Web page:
Note: Where available, the PDF/Word icon below is provided to view the complete and fully formatted document
 Download Full Day's HansardDownload Full Day's Hansard    View Or Save XMLView/Save XML

Previous Fragment    Next Fragment
Tuesday, 12 October 1971
Page: 2154


Mr O'KEEFE (PATERSON, NEW SOUTH WALES) - My question is addressed to the Minister for Primary Industry. Are we clearing our present Stocks of wheat at a most successful rate? Will the present acreages sown to wheat be down this year? Are other wheat producing countries expecting large crops, and are considerable stocks held by these countries? What is the present outlook for the sale of Australian wheat on world markets?


Mr SINCLAIR - Generally the. Australian Wheat Board has this year been able to achieve a remarkable performance in disposing of the Australian crop. It is true that it went into the beginning of this season with a considerable stockpile and there was concern that given the difficulties that we faced in marketing in some areas we would not be able to dispose of this current year's crop plus that stockpile. I understand that sales have been at a record level in spite of moves at a political level surrounding the market in the People's Republic of China. However, I think that it would be foolish if we looked ahead to the next selling season and thought that, because sales have been so successful this year, that success will necessarily continue.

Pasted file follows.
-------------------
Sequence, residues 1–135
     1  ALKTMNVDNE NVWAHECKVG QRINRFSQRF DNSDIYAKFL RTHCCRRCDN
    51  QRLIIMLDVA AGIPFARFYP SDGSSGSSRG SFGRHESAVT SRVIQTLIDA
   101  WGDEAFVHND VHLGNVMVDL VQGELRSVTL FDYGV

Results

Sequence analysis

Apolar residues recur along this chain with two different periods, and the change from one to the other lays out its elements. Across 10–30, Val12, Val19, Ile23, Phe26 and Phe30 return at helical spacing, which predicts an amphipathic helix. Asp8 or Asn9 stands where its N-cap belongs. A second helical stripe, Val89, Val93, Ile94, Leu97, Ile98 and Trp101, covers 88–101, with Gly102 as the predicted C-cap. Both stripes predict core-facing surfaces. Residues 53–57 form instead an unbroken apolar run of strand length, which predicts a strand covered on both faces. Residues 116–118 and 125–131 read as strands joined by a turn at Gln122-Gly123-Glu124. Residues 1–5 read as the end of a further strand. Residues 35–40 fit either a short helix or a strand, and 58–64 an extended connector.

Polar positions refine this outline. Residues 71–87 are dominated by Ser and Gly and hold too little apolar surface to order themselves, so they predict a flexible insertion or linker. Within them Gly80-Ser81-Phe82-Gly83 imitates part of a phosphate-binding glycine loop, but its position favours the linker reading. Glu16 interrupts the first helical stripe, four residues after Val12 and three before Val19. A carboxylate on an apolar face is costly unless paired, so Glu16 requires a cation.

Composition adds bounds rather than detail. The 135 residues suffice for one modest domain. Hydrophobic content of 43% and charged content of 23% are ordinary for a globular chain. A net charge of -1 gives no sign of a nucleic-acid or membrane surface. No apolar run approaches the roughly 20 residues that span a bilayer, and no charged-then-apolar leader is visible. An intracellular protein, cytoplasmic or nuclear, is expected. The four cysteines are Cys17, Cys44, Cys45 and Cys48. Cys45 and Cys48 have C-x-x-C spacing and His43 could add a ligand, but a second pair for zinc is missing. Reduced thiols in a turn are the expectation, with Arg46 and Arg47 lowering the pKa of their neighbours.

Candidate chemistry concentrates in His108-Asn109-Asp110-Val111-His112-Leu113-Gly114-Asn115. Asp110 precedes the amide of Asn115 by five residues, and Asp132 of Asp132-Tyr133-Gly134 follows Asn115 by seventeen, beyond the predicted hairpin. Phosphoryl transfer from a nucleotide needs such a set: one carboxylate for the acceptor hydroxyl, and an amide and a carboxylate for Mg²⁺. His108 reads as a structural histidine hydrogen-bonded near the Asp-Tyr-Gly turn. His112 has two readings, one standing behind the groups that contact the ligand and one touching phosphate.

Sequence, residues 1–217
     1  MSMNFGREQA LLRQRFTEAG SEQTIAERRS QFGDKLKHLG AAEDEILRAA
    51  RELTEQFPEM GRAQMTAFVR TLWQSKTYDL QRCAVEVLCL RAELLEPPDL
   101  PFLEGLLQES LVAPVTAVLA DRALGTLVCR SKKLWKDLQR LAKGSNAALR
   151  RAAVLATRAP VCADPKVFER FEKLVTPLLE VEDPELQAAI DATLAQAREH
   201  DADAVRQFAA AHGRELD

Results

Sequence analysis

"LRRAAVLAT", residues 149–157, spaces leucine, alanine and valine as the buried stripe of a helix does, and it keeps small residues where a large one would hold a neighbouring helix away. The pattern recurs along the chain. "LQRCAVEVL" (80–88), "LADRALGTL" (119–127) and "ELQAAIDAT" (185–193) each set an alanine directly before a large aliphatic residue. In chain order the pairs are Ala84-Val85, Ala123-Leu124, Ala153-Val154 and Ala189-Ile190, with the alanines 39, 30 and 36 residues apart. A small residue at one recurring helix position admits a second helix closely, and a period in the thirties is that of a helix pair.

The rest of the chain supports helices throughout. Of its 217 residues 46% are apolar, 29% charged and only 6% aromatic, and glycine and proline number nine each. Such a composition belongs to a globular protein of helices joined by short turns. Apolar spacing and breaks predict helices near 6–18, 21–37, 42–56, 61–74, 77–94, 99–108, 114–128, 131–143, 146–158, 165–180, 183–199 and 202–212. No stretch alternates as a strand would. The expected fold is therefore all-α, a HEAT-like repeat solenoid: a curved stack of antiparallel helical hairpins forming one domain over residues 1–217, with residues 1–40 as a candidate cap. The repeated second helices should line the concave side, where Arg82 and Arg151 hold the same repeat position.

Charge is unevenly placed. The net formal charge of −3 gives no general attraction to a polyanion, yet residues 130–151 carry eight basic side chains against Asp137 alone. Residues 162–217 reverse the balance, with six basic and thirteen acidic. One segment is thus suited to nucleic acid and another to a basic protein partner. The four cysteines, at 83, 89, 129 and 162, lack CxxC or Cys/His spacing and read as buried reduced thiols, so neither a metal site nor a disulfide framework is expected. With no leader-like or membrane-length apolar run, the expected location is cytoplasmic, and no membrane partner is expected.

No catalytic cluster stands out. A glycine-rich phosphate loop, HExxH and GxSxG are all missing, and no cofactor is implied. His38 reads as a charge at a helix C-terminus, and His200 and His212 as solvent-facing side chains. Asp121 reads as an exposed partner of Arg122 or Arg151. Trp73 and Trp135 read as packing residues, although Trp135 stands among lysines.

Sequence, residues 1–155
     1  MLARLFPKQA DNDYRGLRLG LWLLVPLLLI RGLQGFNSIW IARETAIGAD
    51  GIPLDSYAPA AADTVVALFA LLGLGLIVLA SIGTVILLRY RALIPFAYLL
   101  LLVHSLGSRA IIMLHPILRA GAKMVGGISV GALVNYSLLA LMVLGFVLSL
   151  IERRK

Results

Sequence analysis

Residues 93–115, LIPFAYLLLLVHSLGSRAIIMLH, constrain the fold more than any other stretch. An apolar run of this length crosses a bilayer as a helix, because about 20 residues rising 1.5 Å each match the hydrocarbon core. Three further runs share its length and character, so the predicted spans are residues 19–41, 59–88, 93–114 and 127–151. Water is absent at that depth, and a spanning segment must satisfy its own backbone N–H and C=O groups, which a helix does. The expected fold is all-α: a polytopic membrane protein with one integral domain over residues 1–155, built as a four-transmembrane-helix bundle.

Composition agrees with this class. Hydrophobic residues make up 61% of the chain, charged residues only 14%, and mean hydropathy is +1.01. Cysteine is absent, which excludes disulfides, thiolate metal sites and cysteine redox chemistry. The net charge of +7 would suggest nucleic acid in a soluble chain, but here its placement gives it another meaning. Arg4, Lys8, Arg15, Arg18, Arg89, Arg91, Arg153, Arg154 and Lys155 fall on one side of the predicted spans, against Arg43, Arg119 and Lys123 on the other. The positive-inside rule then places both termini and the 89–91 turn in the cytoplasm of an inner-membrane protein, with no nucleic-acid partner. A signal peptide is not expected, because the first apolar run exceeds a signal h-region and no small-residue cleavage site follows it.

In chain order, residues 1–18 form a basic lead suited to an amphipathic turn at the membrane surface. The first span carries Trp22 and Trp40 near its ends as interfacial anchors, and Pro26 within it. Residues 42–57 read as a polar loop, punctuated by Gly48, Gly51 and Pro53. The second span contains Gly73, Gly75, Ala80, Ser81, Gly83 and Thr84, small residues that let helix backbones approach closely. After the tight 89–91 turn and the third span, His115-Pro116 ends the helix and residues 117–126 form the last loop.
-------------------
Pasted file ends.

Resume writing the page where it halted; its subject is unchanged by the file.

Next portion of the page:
At present it would appear that northern hemisphere grain producing countries expect to have a very favourable season. In addition some of those countries which this year negotiated purchases from Australia are expected to increase their production. For this reason it is (a) doubtful that the markets themselves will be as large and (b) likely that there will be a great deal more competition for wheat in the existing markets. So the Australian wheat grower needs to be conscious that there are still difficulties ahead in marketing an unrestricted production of Australian wheat on export markets. It is, of course, of concern that not only are we likely to find it more difficult to «ell wheat but also that more and more wheat is being sold on credit terms. As this happens growers are being forced to wait longer for their second, third and final payments from wheat pools. This, of course, is again to the grower's cost. There are good market prospects for some other grains - coarse grains, for example - and possibly oil seeds are an export market. For this reason I would hope that in grain producing areas there is a concentration on a diversity of production and not just a belief that growing wheat alone will be the answer to the problems of those agricultural regions. I believe that this year there is, nonetheless, a great deal that could be said by way of compliment to the. Australian Wheat Board for its efforts and the success it has achieved on behalf of Australian wheat growers.







Suggest corrections